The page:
- Take that adjusted number and multiply it by 15.3 percent (.153). This is what you’ll owe in SE taxes.
However, the math isn’t done there. As a self-employed taxpayer, you are allowed to deduct half of your SE taxes from your taxable income for income tax purposes. This can make a modest dent in your income taxes.
What Additional Tax Deductions are Available for the Self-Employed?
We’ve already mentioned a couple of deductions that SE taxpayer can use to reduce their income tax burdens. However, there are plenty more, and this is where the complexity sets in for the self-employed. For example, some of the most common deductions relevant to the self-employed include:
- Home Office Deduction – If you use a part of your home as an office, solely for work purposes, then you may be eligible for the Home Office Deduction. Under this deduction, the self-employed are allowed to deduct a portion of their rent (or mortgage), utilities, mortgage insurance, homeowner’s insurance, and repairs. The deductible portion is equal to the amount of space your office space occupies in your home. So, for example, if your office takes up 10 percent of your home’s square footage, you can deduct 10 percent of rent, utilities and so on.
- Startup Costs Deduction – Business owners are allowed to deduct up to $5,000 of their startup costs during the first year of operation. There are several expenses that qualify under this deduction, including attorney, accountant, and advertising fees. Many capital expenses also apply.
- Internet and Phone Bill Deductions – If any of your internet or phone-related expenses are purely for business purposes, they can be deducted from your SE taxes. This may include the cost of running a business website, or the cost of a second phone line for business calls.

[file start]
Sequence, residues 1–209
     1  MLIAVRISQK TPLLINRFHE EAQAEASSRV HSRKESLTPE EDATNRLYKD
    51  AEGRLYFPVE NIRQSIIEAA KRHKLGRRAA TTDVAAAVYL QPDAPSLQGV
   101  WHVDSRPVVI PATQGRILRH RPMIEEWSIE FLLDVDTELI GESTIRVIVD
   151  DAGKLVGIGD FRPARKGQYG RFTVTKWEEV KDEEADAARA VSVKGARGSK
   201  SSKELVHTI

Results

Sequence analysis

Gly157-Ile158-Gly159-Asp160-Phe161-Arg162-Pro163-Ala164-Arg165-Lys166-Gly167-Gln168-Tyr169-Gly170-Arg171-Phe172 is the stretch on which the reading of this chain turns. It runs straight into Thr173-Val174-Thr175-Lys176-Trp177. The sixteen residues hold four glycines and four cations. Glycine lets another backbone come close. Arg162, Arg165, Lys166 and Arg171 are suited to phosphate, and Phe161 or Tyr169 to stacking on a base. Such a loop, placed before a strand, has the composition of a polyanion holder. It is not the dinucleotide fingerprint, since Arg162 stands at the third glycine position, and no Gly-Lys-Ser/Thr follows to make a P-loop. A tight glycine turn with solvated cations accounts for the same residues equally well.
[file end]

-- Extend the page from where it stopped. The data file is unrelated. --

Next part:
- Health Insurance Premiums Deduction – If you pay for your own health insurance and do not qualify for a plan through your spouse’s employer, then you may be eligible for the Health Insurance Premiums Deduction. Through this deduction, the self-employed may deduct their health and dental premiums from their SE taxes, as well as any premiums used to provide coverage to family members and dependents.
There are many more that could go on this list, and your tax professional can identify which deductions you’re eligible for, and how they can be optimized for your situation.
Confused About Self-Employment Taxes? An Experienced Tax Planner Can Provide Guidance
Taxes are complicated enough for W-2 employees, but the self-employed have to deal with an additional layer of complexity. For many business owners and independent contractors, there aren’t enough hours in the day to keep up with self-employment taxes (or any tax-related activities, for that matter).
If this applies to you, an experienced tax preparation and planning professional can help. With a tax expert on your side, you’ll get the peace of mind that comes with total tax compliance, along with the peace of mind that comes with not having to do your taxes on your own.